So, if you've just come to discover the wonders of Cole Porter thanks to the recently released film, please turn your attention to this album. This collection shines as an introduction to how his work really should sound, as opposed to the rather unfortunate attempts made by current pop stars. They're fine at what they do - but please, keep them away from this department. It takes a highly refined, trained and gifted sense to perform Porter correctly - a fact that this album proves effortlessly. Enjoy."
Disappointing, not delovely, collection
Eironic | 10/04/2006
(2 out of 5 stars)
"Perhaps I should have read the print on the back more closely when I bought this on a whim. I should've known what to expect from Sonny Rollins or what they meant by "period performances" (i.e,. performances in the style of a period, but not necessarily from the period). So I got what was coming to me.
Nonetheless, I still feel cheated. This collection isn't what it appears to be, from the front cover, to the back blurbs, to the liner notes. It's a very uneven hodge podge of various recordings of Porter songs by a pretty wide assortment of artists. For too many tracks, these aren't "authentic" interpretations reflective of the period Porter and wrote and lived in, but typical "jazz standard" types of interpretations more reflective of the performing artist's own period. And don't be fooled (like I was) by seeing Cole Porter's name listed as the recording artist for two tracks - yes, those are his vocals, but the backing band is a contemporary band who've re-recorded the band section in a "period performance" style. It makes for a "cleaner" sound overall, but any one with a discerning ear will likely find the sonic incongruency between the '34 recording of Porter's voice and the '04 recording of the band too irksome.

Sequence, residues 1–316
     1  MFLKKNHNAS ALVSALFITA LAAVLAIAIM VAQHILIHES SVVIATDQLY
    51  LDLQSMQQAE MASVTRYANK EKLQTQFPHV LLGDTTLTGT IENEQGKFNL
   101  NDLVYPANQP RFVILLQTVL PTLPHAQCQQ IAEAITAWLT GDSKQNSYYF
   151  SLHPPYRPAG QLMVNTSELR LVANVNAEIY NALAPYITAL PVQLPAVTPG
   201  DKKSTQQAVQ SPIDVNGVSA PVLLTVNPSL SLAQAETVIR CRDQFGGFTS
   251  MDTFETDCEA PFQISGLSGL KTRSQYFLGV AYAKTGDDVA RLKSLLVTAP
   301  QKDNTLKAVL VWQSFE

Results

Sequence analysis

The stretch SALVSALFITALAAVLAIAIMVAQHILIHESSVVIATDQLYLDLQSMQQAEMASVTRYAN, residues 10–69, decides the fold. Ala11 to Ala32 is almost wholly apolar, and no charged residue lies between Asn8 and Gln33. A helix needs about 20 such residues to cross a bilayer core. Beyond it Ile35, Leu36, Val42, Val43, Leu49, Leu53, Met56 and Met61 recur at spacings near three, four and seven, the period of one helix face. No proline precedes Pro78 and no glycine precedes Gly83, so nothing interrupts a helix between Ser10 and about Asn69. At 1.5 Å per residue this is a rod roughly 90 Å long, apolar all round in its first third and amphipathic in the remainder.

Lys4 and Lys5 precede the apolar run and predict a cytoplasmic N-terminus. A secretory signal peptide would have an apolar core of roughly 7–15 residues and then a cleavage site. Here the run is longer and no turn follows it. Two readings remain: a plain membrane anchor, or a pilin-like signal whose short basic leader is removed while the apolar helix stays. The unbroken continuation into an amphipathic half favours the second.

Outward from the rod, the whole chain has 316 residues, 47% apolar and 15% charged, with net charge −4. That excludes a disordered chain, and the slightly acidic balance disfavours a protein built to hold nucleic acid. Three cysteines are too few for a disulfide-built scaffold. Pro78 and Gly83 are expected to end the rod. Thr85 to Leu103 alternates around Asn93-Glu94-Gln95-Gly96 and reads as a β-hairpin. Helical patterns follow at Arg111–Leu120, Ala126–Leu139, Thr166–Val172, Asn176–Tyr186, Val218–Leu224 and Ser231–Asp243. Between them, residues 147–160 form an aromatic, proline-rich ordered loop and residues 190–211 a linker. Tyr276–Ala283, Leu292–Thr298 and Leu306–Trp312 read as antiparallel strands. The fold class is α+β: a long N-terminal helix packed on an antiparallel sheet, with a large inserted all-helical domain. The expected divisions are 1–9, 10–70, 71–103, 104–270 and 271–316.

And that's just one of several problems with this CD. It's not that these are bad performances - they're not. It's just that as a collection, they're not reflective of what the CD packages tries to tell you they are. For example, Sonny Rollins' hard bop era rendition of one of Porter's most beloved songs, "It's Delovely," is solid as anything Rollins did at the time. But it's hard bop, not swing, and it's instrumental, not vocal. So you get Rollins' wicked sax noodling, but not Porter's charming and witty lyrics. For a *Porter* collection, that's a considerable disappointment, and especially so, seeing the liner notes themselves set you up for that: "[Porter's] comic opuses like "It's Delovely" and "Let's Do it" exploit the lyricist's idea to tell topical jokes in rhyming patterns and exaggerated language, but at the same time they're wholly dependent on Porter the melodist to propel them with a catchy rhythmic motif." [liner notes, pg. 4] Well, it's would great to have to chance to hear that, but you won't with this CD. Not only is Rollins' "It's Delovely" instrumental, the other song they offer us as a choice example of Porter's comical lyricisms isn't even on this CD.
The other thing that boggles my mind is that there's no clear logic to how they selected these particular tracks. Some of the vocal tracks are very short, and don't give you a chance to ingest their Porterness. For example, Horne's "From This Moment On" and Clooney's "You Do Something to Me" both clock in under 2 minutes (compare that to Rollins' lyricless track that nearly 7 minutes long). I fear the tacks on here are so more because these were the ones the CD compliers' were able to get rights for, more than being ideal representations of Porters' songs.
I'll give it 2 stars because the preformances aren't bad in and of themselves, but regrettably, if you're looking for that one CD that'll scratch that distinctly Porter itch, I doubt this will be the one. It certainly isn't for me."
It's De Lovely-The Authentic Cole Porter Collection
Mary A. Grande | Sykesville, Md. | 08/20/2005
(5 out of 5 stars)
"I got chills when I heard this cd for the first time and the thrills did not stop until the last number. It had been years since I had experienced the old masters playing authentic music rather than the many remakes and retakes we have today. Does anyone today use brushes on a snare---fantastic sound. And hearing Lena Horne in her prime--an extra bonus.